UK discrimination law exists to protect workers from discrimination in the workplace. Unfortunately whilst there are genuine cases of discrimination every year the legislation is often used and abused by employees seeking redress in cases where they do not have a legitimate complaint. In fact, discrimination has assumed a massive prominence in employment law since the Race Relations Act came in to force in 1965, thereby increasing the opportunities for employees to make complaints and bring tribunal claims. The number of characteristics protected from discrimination has grown, often as a consequence of European Directives, making this area a minefield for HR managers.
When considering an employees complaint of discrimination HR Practitioners should keep the following 3 factors in mind:
1) High compensation payments and expensive litigation – there is no limit to the amount of financial loss that can be awarded in a successful case and discrimination claims are often complex, expensive and incur significant management time, which are usually not recoverable.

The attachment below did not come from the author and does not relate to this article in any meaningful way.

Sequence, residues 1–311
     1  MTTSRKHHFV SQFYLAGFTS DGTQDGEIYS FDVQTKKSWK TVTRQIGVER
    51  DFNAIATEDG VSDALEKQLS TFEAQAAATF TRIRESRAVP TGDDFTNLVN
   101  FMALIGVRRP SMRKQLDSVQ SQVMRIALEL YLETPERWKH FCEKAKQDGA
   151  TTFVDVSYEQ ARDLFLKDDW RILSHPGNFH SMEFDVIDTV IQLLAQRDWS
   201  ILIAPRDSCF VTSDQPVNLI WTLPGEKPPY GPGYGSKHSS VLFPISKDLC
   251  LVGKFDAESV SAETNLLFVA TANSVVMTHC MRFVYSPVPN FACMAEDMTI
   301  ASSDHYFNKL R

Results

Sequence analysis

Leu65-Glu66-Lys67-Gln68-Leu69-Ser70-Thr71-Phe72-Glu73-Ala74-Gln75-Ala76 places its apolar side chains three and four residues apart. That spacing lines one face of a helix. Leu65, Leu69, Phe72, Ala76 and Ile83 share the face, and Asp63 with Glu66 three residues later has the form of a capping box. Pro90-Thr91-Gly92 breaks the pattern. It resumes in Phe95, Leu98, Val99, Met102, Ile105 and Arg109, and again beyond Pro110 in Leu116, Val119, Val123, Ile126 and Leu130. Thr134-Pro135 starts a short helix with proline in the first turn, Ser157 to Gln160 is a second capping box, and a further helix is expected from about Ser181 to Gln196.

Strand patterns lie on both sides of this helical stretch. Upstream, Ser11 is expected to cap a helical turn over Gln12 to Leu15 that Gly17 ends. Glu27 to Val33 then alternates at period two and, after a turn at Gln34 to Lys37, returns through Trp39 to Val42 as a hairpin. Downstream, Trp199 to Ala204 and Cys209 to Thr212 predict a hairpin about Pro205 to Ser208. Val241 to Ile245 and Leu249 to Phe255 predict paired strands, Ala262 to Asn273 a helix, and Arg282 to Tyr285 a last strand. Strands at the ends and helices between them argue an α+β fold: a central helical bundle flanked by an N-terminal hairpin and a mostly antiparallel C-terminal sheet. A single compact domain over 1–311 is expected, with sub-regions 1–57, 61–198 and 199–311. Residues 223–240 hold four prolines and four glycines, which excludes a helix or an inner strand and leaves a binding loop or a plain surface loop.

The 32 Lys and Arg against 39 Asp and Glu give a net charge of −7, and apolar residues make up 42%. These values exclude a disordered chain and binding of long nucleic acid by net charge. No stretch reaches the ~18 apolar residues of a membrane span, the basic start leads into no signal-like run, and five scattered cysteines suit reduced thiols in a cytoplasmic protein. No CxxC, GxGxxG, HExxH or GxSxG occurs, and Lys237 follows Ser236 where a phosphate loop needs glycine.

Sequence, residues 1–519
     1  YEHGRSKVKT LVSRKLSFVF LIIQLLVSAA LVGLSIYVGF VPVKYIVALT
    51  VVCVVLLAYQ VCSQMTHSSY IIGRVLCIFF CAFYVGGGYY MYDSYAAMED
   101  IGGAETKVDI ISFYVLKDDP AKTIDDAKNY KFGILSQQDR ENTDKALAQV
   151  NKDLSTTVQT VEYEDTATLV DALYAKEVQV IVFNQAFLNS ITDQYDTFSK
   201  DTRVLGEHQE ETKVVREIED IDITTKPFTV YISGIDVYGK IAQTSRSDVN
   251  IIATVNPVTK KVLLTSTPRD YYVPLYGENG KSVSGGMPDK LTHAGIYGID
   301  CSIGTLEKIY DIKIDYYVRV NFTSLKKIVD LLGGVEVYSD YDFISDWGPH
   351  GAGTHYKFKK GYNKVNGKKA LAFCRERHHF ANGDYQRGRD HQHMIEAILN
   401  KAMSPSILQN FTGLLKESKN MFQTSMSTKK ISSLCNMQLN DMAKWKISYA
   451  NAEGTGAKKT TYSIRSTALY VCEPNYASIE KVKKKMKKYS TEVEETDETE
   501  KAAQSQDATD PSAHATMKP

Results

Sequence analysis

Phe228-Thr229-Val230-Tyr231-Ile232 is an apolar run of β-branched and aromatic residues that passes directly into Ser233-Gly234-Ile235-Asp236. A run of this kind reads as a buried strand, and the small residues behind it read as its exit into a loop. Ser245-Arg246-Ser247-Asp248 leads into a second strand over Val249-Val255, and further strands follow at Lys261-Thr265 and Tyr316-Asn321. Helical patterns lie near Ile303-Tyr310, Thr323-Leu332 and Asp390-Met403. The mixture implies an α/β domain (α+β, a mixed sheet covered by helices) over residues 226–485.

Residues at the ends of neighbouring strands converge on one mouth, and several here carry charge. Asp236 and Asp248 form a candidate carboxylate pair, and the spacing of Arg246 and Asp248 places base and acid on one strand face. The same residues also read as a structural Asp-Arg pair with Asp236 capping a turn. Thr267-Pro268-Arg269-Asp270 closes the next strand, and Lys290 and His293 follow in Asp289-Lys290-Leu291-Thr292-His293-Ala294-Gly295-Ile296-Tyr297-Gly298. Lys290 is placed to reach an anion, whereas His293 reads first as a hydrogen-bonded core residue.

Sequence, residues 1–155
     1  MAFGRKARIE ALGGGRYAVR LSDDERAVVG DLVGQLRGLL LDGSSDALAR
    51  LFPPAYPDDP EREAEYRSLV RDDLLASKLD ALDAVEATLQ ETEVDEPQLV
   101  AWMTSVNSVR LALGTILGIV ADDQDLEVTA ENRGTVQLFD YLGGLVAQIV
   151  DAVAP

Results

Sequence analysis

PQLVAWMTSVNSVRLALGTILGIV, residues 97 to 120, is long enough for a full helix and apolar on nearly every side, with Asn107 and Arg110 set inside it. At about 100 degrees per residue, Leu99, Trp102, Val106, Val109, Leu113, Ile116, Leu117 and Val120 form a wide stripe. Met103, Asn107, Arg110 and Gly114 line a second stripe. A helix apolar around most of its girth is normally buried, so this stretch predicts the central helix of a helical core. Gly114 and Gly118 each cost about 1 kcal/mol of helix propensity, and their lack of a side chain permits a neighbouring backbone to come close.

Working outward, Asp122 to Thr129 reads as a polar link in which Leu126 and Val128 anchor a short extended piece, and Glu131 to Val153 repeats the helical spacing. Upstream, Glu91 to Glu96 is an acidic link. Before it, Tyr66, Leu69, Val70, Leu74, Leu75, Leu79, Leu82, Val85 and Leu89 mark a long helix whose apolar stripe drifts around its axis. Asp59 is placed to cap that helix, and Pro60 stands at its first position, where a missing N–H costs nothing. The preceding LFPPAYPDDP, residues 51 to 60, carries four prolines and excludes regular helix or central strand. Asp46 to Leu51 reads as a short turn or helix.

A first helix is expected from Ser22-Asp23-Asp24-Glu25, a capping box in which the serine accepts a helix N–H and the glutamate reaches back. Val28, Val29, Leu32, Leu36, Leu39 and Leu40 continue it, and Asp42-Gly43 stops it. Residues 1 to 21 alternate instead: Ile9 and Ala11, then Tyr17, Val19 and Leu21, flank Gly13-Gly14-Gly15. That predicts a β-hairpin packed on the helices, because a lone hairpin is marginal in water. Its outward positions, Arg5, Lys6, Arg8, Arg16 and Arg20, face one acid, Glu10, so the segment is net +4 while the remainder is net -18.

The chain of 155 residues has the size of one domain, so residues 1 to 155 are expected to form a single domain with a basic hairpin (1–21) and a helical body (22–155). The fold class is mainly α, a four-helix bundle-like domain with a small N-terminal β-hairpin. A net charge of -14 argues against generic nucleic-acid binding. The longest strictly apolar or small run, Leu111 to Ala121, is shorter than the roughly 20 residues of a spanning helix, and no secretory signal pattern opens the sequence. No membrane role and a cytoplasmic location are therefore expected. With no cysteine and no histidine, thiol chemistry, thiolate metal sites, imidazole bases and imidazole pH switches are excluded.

2) Allegations of discrimination can attract coverage from the press and create bad publicity for an employer. They can also significantly damage staff morale. Discrimination and harassment issues are usually highly emotional and controversial.
3) It is often not possible to appreciate an employee’s rights in a given area without considering whether or not there are discrimination law implications. For instance, a decision to dismiss an employee on the basis of medical incapacity may also have discrimination law implications (if the medical incapacity can be characterised as a disability under the Equality Act).
UK Discrimination Law is now comprehensively set out in the Equality Act 2010, which is designed to ensure equality of opportunity at work, to protect employee’s dignity and to ensure that complaints can be raised without fear of reprisal.
The Equality Act aimed to harmonise discrimination law but has in fact made it more complicated. The Act is a vast statute extending to 218 sections and 28 schedules. ~